'CFS' is a 'wastebasket diagnosis' - when your GP can't be arsed to investigate the cause of your fatigue they use 'CFS' as an umbrella term. GPs receive incentives to reduce referrals and investigations, so 'CFS' is a handy scapegoat for lazy doctors. 'CFS,' despite not even being a real thing is thought to be entirely psychological in nature thanks to the unscrupulous Simon Wessely and his 'Wessely School' - they have deliberately aligned M.E. with 'CFS' in the UK to purposely perpetuate the myth solely for their own financial gain. They are the ones who came up with GET and CBT for a neurological illness. These therapies have been shown to be only moderately helpful for psychiatric disorders like depression and anxiety, but downright harmful for M.E. patients.

    I would love to hear back from you whether your fatigue was of acute or gradual onset, and whether you have any neurological/CNS symptoms. From what I can decipher from what you have written, you don't have M.E., which may I say means that you should especially not accept a diagnosis of 'CFS' because it causes problems for M.E. patients everywhere when patients who don't have M.E. are used in research studies of M.E.!

    If you have anxiety, then ask for a diagnosis of anxiety and ask to have it investigated. But for the sake of M.E. patients everywhere, please reject the diagnosis of 'CFS' if you don't have M.E. otherwise they will tag you 'CFS/ME' and it would be an incorrect diagnosis.

    You would find it extremely helpful to look at - it can tell you everything you need to know about receiving a diagnosis of 'CFS.'

  • I concur with what you say - I suddenly became very ill when I had acute tonsillitis back in 1989 and was eventually diagnosed with ME. I had been an extremely active young woman studying for an MA, about to start jazz dance lessons and had just 'fallen in love' when wham! everything changed overnight. I was sleeping 16 hours a day, had muscle pains and aches, gastrointestinal problems, brain dysfunction and put on a huge amount of weight.

    The longer it went on the more hopeless the situation seemed to be - so it is not surprising that people with ME get depressed! It feels as though there is no future. Everything is lost so you go through multiple bereavements and depression <as a result of the illness not as a cause of it>.

    Thankfully I did begin to recover gradually. I am 80% recovered but still struggle at times.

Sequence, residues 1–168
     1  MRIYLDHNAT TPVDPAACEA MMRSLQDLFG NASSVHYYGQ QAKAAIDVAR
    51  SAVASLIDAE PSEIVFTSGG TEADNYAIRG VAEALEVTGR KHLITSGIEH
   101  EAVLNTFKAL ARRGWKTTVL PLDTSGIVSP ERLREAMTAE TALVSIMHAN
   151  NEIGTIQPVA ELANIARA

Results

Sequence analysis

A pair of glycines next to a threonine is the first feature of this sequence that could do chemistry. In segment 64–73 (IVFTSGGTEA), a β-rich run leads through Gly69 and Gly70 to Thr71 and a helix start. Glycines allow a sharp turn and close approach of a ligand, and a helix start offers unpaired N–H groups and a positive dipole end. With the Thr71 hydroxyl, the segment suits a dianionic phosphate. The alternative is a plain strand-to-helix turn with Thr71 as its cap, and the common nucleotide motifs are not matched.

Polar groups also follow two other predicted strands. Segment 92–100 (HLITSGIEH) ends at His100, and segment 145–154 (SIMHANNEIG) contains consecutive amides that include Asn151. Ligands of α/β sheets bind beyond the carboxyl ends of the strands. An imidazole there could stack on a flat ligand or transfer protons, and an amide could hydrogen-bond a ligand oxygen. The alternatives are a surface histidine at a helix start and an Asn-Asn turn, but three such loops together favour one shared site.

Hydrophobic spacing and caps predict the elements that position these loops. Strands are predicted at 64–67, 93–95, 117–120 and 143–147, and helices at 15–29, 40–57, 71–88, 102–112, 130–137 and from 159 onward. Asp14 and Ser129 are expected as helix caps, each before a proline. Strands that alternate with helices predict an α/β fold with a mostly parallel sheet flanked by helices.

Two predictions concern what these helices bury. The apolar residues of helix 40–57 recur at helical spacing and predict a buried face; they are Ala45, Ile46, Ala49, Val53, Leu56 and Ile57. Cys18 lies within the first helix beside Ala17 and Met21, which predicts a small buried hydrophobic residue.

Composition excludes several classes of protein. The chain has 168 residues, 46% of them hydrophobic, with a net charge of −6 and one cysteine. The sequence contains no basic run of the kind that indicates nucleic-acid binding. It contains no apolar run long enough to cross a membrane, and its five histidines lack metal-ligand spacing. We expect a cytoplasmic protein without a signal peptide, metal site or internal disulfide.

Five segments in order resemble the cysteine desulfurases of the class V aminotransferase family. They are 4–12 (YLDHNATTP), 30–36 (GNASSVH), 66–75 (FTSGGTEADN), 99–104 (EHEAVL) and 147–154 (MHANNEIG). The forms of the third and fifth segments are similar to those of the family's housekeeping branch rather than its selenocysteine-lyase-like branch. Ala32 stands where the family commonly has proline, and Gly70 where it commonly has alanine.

Having said all of this I'm convinced that a large part of it was related to the thyroid. My TFTs are all in range, but the values are considered by many on this forum to point to hypothyroidism. I'm currently awaiting tests for adrenal function.

  • Out of interest, what tests have you had done to check your adrenal function Ann?

  • I'm waiting for the short synacthen test - apparently there is a worldwide shortage! I would have the saliva tests but the endo is very sceptical. It's such a problem having the majority of the medical profession against such tests.

  • Hi Ann. In M.E., thyroid abnormalities commonly develop several years into the illness. Considering you have been ill since 1989, then thyroid problems would not be surprising. Have you had a thyroid ultrasound scan? Thyroid malignancy affects 1 in 100,000 of the general population, but 6,000 per 100,000 M.E. patients, so there is increased risk. I am pleased to hear you are at 80%. :-)

  • Hi, no I didn't realise that. Interestingly a friend who has ME has just had the right part of her thyroid removed due to cancer.

    Do you have peer-reviewed papers/evidence for me to show my doctor/endo?

    Many thanks.

  • Yes, of course, but don't expect them to take much notice!

    Here it is in The Nightingale Definition of Myalgic Encephalomyelitis -

    And here is the published paper - - Thyroid malignancy association with cortical & subcortical brain SPECT changes in patients presenting with Myalgic Encephalomyelitis.

  • I was diagnosed with Fibromyalgia but thyroid labs kept coming back normal. I had all sorts of bizarre symptoms, even my legs would just stop working - like the battery bunny. A lot of experts reckon CF and FMS are the same family but FMS tends to be more pain with fatigue and visa versa for CFS. Since taking thyroid hormone (NDT) my FMS symptoms have gone from incapacitating to actually being able to work again, albeit it slowly. I think I had adrenal issues too from a certain set of symptoms I noticed including looking down at my nips one day to see they were circled in a bruise/black colour...W** is going on now!...which is pretty well characteristic of these metabolic or autoimmune disorders. I'm not firing on all fours yet but I believe quite a bit of damage was happening whilst I was left to stew with a FMS diagnosis when, actually, I had a metabolic disorder.

    I am also on a UK FMS site, on face book, and someone asked how many had been dxd with hypothyroidism during their FMS...well, the list is huge and still growing.

    I haven't had the adrenal test yet, but on my wish list. I take it all your thyroid levels are in range. I feel best when my TSH is suppressed.

    I agree with reallyfedup below, and Sandy, I believe I was that person. Try to keep stress levels down and ride the bad days....easier said than done. I know I get into worse state when I fight it.